Every summer for the past I’ve-lost-count-of-the-number of years, I’ve wanted to make a camp shirt out of this lovely lightweight linen. This year, as summer was drawing to a close, the stars aligned for me to tackle this project.
So why “campish” and not camp shirt? Because I decided that I didn’t want to use a convertible collar that is found in camp shirts. I also didn’t want a patch pocket over the breast. I mean, it’s not as if women are going to put anything in that pocket and I don’t think it really adds anything to the look.
The finished product is not everything I hoped it would be, but I learned some things in making it and now I can share those with you.
First, I learned that the name for the weave of this fabric with the extra texture scattered about is dobby. This particular fabric is pretty loosely woven, which presented some challenges in getting it on grain for cutting and then surprised me by stretching out of shape in one tiny segment of the neckline. More about the headache that created later.
For the pattern, I started out with my no-close topper. I drew a new neckline, added an extension for the button closure, shortened the pattern and added a curved shirt tail hem. When it was finished, I discovered I had shortened it a little too much. This version is wearable, but I’m going to lengthen the pattern before using it again.
I drafted new front and back facing pattern pieces and used the rolled collar and short sleeves with split hem and button detail from the linen version of my shirtdress.
The shirt went together without a hitch, which should have alerted me that there was a problem lurking somewhere. I didn’t mark where the collar was supposed to end in the front. The center back and shoulders were marked and that segment fit perfectly. When I held the collar-to-extension seam sections together they matched after both pinning and sewing, so I thought all was well. I was wrong.
When I put the finished shirt on I wasn’t happy with the way the front neckline looked. Something seemed off about the bit between the end of the collar and center front. I showed it to Sarah Veblen during our next mentoring session and she agreed something was wrong. She compared the pattern piece, which had the end of the collar marked, to the finished shirt and discovered that that little segment of the neckline had stretch more than half an inch. Surprisingly, the interfaced facing had stretched the same amount.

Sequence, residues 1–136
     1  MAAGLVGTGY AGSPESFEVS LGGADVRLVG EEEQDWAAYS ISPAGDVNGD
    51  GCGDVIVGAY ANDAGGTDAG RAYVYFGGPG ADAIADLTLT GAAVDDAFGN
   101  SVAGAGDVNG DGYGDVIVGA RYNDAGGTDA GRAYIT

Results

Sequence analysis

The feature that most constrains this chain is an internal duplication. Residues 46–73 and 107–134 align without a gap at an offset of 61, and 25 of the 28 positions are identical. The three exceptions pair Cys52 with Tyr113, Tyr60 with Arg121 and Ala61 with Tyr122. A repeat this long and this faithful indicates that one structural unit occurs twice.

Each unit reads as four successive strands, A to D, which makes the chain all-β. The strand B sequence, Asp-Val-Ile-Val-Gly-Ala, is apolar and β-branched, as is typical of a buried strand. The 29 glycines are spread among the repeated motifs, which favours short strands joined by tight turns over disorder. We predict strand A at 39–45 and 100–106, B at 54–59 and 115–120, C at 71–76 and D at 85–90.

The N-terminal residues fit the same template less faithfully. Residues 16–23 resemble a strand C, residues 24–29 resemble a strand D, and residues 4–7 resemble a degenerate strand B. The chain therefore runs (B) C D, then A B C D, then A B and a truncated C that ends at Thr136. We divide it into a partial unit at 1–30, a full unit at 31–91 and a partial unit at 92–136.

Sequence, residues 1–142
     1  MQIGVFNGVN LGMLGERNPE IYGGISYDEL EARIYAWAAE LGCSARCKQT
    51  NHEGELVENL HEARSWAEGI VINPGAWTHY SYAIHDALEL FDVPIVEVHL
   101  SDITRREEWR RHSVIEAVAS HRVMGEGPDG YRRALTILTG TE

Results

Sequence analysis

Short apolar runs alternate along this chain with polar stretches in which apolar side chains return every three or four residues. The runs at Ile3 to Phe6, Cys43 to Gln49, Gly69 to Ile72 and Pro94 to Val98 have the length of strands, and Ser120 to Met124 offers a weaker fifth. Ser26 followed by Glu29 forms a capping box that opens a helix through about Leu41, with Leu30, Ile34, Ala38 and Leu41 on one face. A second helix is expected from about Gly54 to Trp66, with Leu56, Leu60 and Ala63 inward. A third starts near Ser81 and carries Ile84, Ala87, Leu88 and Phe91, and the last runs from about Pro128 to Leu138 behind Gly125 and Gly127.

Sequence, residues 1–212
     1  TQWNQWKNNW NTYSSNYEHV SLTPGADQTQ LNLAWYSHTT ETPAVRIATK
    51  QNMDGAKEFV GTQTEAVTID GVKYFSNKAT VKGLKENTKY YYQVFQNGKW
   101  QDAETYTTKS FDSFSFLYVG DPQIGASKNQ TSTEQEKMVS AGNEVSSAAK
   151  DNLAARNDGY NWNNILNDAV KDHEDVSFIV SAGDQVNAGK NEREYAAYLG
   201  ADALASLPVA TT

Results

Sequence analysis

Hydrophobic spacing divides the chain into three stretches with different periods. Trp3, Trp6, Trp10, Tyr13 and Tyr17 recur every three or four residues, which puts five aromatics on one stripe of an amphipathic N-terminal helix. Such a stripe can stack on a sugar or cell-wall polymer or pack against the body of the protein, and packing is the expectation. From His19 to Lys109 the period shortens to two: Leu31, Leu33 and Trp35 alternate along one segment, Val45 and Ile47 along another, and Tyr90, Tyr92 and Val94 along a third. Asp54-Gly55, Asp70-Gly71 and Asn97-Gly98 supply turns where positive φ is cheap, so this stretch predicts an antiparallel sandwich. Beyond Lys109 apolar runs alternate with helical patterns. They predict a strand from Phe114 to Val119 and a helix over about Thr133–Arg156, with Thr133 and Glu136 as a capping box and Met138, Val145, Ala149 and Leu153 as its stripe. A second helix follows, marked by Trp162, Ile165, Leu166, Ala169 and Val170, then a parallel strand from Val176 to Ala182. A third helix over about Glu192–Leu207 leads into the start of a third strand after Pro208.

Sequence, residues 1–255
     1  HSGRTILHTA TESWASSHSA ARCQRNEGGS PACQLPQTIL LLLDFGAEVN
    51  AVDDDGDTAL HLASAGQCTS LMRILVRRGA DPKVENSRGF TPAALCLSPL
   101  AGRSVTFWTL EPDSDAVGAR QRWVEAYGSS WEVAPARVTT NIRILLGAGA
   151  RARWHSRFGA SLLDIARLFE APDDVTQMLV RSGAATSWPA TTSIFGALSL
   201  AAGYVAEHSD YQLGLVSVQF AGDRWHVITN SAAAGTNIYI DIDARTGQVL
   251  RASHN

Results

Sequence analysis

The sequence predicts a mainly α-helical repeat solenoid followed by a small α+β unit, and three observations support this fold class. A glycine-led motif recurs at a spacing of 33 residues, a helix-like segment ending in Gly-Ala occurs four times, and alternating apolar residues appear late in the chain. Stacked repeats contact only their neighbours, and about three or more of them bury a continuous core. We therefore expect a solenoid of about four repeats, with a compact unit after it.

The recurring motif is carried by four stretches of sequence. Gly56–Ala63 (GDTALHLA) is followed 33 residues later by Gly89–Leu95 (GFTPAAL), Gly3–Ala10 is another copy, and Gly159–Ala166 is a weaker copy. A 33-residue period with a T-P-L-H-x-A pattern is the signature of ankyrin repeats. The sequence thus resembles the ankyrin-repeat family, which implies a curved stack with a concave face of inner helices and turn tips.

Sarah’s advice was to unstitch, steam both the fashion fabric and facing into their proper shape and restitch. That included unstitching understitching, removing the top snap and sewing the very last bit at the extension by hand. Can I tell you how much I didn’t want to do that after thinking I was done with the project?
The unstitching wasn’t terribly painful once I got started. It was helped by the fact that I did it with my feline sewing assistant in my lap. The steaming was more of a project than I’d anticipated. It took several rounds of pinning to match the pattern, transferring the pins to hold the fabric to the ironing board cover without the pattern, steaming and leaving it to cool and dry. Little by little, the fullness came out. Then the entire process had to be repeated for a total of four segments – both sides of the fashion fabric then both front facings.
One thing I did for the first time with this project was make horizontal buttonholes. I know the “rule” is that you use vertical buttonholes on blouses and shirts and horizontal ones on jackets and coats, but Sarah Veblen encourages her students to ignore that rule. I think she’s right from both a practical and an esthetic point of view. These buttonholes won’t splay open when I move and the buttons won’t come out the way they sometimes do with vertical buttonholes on a fitted blouse. The bonus is that I really like the way they look. I’m sold on using them.
Using the horizontal orientation also meant that I could use keyhole buttonholes for my buttons, which have shanks.
In looking at the finished product critically, Sarah and I decided on some changes to the pattern before using it again. Besides lengthening it, I’d like to move the tucks out toward the shoulders so they are away from the collar. Sarah also suggested bringing the front armscye seam in just a smudge, which I’ve done. I’m also going to change the shape of the front neckline slightly and widen the collar a bit at the ends so I can get more of the graceful curved shape in front.
Sarah also advised that I modify the way I interface the front facing when using a fabric that might need some extra control. She suggested piecing the interfacing at this line so that this area can be on grain.
These imperfections aren’t going to stop me from wearing this campish shirt. It’s light, cool, casual and the color is very me.
I admire your persistence in creating this shirt! Learned from your experiences. Undo under stitching/stitching steaming, again and again? Oh, my! You get the medal!
Great job, Wendy. Kudos for sticking it out to the wearable end. Most of us would have balled the shirt up and put it in the “undesirable” pile.
It was tempting. Very tempting! Having Sarah Veblen as a mentor guarantees that when my persistence flags I have reinforcement.
Your persistence is admirable. I love your color choice along with the buttons that you have selected for this camp styled shirt. I also love that you created a wing collar for your top! That takes your creative ability in design to a higher level.